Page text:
As we were on a road trip vacation tour we only spent a couple of nights and one full day in the Omiš area.  The mid-summer heat was, to say the least, a limiting factor on our exploration of the town and wider region, but I don’t regret that we made the small effort to visit the Mila Gojsalić memorial statue and the Mirabela.  If I were to return with anyone who hadn’t seen these views I wouldn’t hesitate to take them there, and I think that, with more appropriate weather conditions, I would easily be able to spend a minimum of a couple more days exploring the area out on foot.

There is one final consideration that would almost certainly get me to spend a night in Omiš if travelling down the Dalmatian coast.  Its name is the Konoba Joskan.  On the night of our arrival in Omiš we quickly confirmed that many of the choices for eating out in the centre of the old town, and the vicinity of our accommodation, involved a ‘public dining’ experience.

The Konoba Joskan is located up an opening on the north side of Knezova Kačića, and if at first you manage to miss the entrance to this restaurant just keep looking (or asking) until you find it.  Previous vacation research and the idea of a small enclosed and more intimate konoba courtyard had already caught our attention, but we were unprepared for just how good this place would be.

Given that it was the height of the tourist season, we were lucky enough to be reasonably early and get a table in the courtyard (there’s also an inside air conditioned dining area), but that said, we noticed that the lovely staff bent over backwards to fit in later arrivals without a reservation.

The simple two-page menu suggested ‘fresh daily’ (which was confirmed when the day’s fish options were explained), and my wife and I both opted for a fillet steak with sliced fried potatoes and a shared tomato salad in oil and balsamic vinegar, with a couple of beers. It was the best meal we had eaten in Croatia to date.  In fact, it was so good that we went back the next night, after our sight-seeing tour, when we ordered exactly the same meal. It was just as good the second time round, and therefore qualified it as one of the two best meals we had in Croatia.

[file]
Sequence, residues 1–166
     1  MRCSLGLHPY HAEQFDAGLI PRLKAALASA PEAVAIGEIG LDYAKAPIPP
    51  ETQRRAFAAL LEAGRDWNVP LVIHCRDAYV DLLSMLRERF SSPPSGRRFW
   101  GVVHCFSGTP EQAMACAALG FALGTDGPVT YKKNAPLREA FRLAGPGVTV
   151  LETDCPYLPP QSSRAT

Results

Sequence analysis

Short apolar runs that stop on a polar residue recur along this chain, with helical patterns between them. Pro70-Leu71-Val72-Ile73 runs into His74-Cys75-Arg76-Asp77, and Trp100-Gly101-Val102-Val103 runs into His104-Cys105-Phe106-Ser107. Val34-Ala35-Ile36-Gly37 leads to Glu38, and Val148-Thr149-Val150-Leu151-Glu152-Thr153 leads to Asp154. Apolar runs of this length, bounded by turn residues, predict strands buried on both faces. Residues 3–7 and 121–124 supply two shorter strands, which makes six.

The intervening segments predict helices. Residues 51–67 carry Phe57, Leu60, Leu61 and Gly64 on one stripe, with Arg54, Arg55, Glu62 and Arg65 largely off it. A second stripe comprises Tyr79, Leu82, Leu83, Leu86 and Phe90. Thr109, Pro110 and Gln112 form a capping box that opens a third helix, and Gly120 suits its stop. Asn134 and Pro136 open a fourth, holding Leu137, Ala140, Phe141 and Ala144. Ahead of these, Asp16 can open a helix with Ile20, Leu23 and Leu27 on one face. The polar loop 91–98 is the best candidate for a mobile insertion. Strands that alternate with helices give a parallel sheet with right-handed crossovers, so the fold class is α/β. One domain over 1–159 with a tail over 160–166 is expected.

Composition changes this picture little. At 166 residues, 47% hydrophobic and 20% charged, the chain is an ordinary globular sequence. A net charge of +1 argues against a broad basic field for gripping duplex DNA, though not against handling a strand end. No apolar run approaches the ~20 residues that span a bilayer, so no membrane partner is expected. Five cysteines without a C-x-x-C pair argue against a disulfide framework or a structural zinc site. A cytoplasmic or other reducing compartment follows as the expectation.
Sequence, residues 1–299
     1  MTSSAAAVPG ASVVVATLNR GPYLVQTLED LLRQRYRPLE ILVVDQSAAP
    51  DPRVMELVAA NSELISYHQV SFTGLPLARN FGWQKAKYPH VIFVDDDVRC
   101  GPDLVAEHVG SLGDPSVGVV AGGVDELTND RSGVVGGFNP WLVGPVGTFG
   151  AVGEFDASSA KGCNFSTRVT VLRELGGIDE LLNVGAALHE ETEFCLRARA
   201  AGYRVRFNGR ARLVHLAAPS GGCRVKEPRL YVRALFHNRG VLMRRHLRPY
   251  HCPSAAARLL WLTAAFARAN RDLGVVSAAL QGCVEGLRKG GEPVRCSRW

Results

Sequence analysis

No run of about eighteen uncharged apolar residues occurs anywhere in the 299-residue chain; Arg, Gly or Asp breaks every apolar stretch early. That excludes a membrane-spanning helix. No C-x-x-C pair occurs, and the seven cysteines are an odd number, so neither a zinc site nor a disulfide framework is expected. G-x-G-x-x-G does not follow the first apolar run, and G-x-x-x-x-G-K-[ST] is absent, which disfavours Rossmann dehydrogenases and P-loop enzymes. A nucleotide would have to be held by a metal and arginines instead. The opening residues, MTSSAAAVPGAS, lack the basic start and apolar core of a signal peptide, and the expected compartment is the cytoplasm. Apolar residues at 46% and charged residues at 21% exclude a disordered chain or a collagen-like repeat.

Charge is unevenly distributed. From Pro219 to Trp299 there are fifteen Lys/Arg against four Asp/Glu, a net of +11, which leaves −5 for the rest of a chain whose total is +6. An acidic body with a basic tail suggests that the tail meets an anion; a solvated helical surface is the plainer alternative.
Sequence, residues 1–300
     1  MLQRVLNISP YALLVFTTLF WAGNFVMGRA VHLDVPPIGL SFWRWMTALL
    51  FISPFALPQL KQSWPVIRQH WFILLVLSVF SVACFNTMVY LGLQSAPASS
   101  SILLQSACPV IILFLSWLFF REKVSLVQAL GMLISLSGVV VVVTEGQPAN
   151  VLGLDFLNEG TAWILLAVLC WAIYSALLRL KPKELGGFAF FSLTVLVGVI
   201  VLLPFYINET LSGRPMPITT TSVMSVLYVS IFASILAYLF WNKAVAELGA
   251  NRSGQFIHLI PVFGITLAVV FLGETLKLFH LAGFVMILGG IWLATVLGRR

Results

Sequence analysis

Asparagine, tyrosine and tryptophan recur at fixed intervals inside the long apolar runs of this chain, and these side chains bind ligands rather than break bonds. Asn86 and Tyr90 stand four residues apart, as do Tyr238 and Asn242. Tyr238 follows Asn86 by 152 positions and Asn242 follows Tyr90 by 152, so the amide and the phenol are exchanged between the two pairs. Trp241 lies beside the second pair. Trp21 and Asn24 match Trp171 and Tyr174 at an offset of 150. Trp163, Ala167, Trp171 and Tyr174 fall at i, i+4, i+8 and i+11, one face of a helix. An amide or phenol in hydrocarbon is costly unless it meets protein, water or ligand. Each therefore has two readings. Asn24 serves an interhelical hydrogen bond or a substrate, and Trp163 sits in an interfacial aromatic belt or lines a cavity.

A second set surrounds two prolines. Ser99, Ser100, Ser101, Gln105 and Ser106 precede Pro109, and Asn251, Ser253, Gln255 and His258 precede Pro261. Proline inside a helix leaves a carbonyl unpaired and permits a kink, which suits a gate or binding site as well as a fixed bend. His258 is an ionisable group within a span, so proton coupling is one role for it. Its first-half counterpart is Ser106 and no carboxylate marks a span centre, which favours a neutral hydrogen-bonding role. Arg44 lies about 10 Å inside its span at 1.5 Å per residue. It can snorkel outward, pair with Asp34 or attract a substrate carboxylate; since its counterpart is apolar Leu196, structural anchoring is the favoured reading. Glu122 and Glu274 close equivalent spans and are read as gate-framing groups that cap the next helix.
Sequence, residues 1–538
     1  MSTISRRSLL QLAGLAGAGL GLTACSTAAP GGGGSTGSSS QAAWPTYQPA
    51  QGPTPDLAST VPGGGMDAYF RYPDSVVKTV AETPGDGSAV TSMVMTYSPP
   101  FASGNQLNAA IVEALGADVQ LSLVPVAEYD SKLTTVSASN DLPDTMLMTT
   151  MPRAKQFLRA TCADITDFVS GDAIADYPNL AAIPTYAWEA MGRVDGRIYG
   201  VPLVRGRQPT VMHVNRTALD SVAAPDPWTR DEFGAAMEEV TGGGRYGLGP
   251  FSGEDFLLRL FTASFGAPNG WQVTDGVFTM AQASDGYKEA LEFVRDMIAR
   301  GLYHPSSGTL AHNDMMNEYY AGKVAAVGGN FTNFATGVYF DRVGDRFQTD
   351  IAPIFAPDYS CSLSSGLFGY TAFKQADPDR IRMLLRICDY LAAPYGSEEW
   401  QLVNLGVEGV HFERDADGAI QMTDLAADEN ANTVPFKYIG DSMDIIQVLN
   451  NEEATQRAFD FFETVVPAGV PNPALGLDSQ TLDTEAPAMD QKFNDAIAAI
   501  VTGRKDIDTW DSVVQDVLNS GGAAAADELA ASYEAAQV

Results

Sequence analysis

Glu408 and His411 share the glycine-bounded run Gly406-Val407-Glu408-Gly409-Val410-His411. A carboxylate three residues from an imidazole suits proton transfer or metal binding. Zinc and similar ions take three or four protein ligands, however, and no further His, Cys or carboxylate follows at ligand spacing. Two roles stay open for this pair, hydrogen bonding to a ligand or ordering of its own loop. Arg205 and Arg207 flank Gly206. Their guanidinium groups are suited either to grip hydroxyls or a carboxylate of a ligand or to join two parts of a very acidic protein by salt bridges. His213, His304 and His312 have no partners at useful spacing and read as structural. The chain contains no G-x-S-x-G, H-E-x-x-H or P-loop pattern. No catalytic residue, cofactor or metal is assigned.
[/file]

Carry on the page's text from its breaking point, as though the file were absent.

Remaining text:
More online information.

To get a first visual impression of the area from a number of different locations there is an excellent 360° interactive viewer on the Visit Omiš website (available in Croatian, Czech, English, German, Polish and Slovenian).
To get a first visual impression of the area from a number of different locations there is an excellent 360° interactive viewer on the Visit Omiš website (available in Croatian, Czech, English, German, Polish and Slovenian).

For the history of Poljica take a look at “The Principality of Poljica From its Medieval Inception to its Fall in 1807” by Edo Pivčević.

The history page from the village of Sitno website provides another brief introduction, as does cuvalo.net which adds a legal commentary and translation of the Poljica Statutes.

There’s also “Split and Poljica – relations through history” by Prof. Mate Kuvačić.  It is in Croatian, but Google translate works reasonably and is worth a read.

Later additions.

Take a look at these views from a beautiful January walk by BBQboy in January 2017.

1 thought on “Two views over Omiš – Mila Gojsalić and the Mirabella”

  1. I really enjoyed this post – I walked up to the Mila statue just last week and was looking up some additional background when this post came up. Great writeup, fantastic photos, and I really like the drone video.

    I’ve been to Omis several times now and it’s my favorite place. They also have the longest zip lines in Croatia which I did just last summer. Great geography, some of the most dramatic anywhere.

    Frank (bbqboy)